Before You Automate, Simplify Your Processes

Hoping that technology will lead employees to do what they aren’t currently doing, managers and executives leap right into automation without giving due process to the foundational steps of “simplify” and “standardize.” Mistakenly, they think technology will jump-start behavioral change or define a more robust strategy.

Often, however, lobbing technology solutions into a complex system ends up creating more activities rather than fewer, and this builds operational clutter inside the organization. Skipping steps actually results in decreased efficiency and productivity.

Consider your new-product development process. It includes strategy, idea generation, concept testing, business analysis, development, test marketing and commercialization. Each stage functions like a gate; if an idea is unable to clear the hurdles presented at that stage, it can’t advance to the next. When it comes to technology, however, it’s not uncommon for managers to jump right into installing a new platform or software and then mandating its immediate use.

Using a systematic process that is heavily front-loaded will ensure successful outcomes. The three-phase process of simplify, standardize, and automate (SSA) allows executives to be clear on what problems they are hoping to solve and new opportunities they want the solution to create. Returns on technology investments become easier to model after the first two steps. By establishing milestones of success, the investments of time, energy, and capital are maximized. Before applying technology, perfect your analog process.

First, determine if the process you’re considering for a technological makeover is worth simplifying. Is the process essential or superfluous? Investing valuable resources into technology that automates a superfluous process compromises the health of your business. To identify the value of a process or system, ask yourself these questions:

  • What is the basic deliverable our customers want?
  • What does our customer do with our deliverable?
  • How can we give our customers what they want in the fewest steps possible?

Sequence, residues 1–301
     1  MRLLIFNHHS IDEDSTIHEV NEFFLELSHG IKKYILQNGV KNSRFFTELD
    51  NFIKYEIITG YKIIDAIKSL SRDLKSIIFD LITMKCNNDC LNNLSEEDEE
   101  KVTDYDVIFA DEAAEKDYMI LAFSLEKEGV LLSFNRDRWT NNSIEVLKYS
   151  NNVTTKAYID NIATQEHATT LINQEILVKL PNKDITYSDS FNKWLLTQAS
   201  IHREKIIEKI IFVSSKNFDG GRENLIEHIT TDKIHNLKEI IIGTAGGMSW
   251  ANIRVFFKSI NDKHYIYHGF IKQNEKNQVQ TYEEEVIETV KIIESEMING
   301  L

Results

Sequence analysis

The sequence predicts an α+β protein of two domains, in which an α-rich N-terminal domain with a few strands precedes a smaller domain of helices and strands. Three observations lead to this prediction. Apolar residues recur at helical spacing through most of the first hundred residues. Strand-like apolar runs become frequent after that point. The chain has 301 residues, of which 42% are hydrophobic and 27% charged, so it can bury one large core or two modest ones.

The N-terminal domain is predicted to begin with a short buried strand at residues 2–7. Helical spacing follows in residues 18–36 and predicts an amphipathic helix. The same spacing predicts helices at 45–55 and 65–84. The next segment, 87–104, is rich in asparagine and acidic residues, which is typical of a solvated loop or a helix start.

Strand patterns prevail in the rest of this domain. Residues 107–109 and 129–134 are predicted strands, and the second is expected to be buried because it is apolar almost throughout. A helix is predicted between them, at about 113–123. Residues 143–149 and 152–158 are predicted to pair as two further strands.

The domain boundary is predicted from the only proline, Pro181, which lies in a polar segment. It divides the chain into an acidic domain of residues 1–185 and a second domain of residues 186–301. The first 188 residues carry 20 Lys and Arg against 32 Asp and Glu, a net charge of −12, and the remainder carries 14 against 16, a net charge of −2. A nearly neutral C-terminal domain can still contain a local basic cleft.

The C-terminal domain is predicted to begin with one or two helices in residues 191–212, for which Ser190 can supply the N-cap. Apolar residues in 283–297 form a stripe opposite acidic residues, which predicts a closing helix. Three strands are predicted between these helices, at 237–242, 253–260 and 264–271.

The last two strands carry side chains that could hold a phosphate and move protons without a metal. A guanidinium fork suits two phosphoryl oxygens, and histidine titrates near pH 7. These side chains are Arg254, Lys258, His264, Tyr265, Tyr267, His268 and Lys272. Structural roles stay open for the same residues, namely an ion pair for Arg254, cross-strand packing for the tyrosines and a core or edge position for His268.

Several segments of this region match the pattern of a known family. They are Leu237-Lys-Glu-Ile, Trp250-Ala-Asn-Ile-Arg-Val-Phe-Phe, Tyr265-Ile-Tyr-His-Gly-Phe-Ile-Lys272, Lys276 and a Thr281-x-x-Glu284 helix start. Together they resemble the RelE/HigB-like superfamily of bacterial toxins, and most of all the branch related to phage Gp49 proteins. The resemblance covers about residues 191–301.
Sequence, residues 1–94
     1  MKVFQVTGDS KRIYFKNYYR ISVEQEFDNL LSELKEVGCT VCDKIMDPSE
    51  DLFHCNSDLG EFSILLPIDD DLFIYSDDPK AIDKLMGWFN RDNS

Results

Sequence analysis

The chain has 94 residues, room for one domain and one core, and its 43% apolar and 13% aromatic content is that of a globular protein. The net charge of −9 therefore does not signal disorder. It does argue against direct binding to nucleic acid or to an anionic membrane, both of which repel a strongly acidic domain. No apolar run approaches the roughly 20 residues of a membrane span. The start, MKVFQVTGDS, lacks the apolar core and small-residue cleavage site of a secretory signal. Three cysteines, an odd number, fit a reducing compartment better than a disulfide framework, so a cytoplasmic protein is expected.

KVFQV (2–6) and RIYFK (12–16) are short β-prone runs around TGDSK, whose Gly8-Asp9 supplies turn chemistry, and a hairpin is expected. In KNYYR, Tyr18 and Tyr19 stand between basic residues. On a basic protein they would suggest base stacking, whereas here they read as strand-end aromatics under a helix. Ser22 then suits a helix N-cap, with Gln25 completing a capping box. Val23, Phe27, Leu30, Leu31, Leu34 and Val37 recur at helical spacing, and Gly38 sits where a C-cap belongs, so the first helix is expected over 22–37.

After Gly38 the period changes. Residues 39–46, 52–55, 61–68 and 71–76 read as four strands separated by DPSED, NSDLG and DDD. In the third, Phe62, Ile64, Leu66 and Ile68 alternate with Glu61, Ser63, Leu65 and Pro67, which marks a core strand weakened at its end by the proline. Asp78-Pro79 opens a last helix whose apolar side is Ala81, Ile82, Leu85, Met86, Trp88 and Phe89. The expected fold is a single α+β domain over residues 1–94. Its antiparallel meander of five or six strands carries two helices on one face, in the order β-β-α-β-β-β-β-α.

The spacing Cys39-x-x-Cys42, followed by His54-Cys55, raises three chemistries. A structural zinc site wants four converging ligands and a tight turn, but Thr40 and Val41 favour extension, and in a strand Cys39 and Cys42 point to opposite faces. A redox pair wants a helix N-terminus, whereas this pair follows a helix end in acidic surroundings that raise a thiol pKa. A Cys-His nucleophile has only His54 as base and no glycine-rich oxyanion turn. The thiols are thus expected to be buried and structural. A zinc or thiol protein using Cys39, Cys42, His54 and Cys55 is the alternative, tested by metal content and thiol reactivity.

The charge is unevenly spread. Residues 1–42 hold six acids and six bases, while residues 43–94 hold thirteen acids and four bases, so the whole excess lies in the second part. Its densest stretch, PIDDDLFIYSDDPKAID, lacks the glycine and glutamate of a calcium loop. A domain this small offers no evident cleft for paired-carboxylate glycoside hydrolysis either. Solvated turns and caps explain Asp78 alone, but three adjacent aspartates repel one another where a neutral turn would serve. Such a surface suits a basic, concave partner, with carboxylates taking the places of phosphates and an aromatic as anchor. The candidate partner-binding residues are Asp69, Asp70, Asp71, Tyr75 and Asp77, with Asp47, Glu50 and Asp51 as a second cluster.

The answers will remind you of the essence of your business and what you need to satisfy your customers.

Before investing a penny, require your team to execute the process steps manually, without any technological assistance. This brings clarity and agreement on outcomes and standards, and highlights any existing dysfunction. Analyze where the process is working well and where it’s not. Typically, the result of this manual assessment is that you can reduce the amount of automation required.

Encourage your team to identify extra, unnecessary steps and edit the process down. The ultimate goal of automation is to improve reliability and reduce the time to complete a transaction. Applying technology to a simplified process will achieve greater improvements in both those areas than applying it to a complicated process.

Once you’ve articulated the essential processes for your business, assume that your top performers will be implementing them. Technology investments are often resource intensive, so why build them around your lowest-performing percentile? Use your top performers to define the best practices and make them standard.

Without identifiable standards, you risk spending more on technology/ies than needed. The goal of standardization is to increase the efficiency of producing the best possible outcome and facilitate collaboration. Blindly applying patchwork of technology is not going to help you reach that goal.

Once you have a simplified and standardized process, apply your technology and automate. Ultimately, this can be the most challenging (or daunting) stage for an organization, because it often results in lost jobs or workforce reductions. Given the degree to which labor shortages are expected to constrain growth, being able to do more work with fewer people is becoming necessary rather than discretionary. By automating routine tasks, organizations can nurture and develop their creative knowledge workers.

Viewed from this perspective, automation augments rather than annihilates. It can expand skill sets, enhance business processes, and amplify business success. Automation can provide an opportunity for workers, teams—even executives and entire companies—to skill up.

Companies that focus on growth in both personal and professional dimensions are poised to use automation in this way. Rather than automation, focus on augmentation. Ironically, that all starts with simplification.


Ray Attiyah :Ray Attiyah is the founder of Definity Partners, a hands-on, business-training firm that integrates process redesign and leadership-behavior modeling. He developed the Run-Improve-Grow system to inspire the best leaders to reach for higher-hanging fruit. His newest book is Run Improve Grow: Your Roadmap from Firefighting to Bold Business Growth.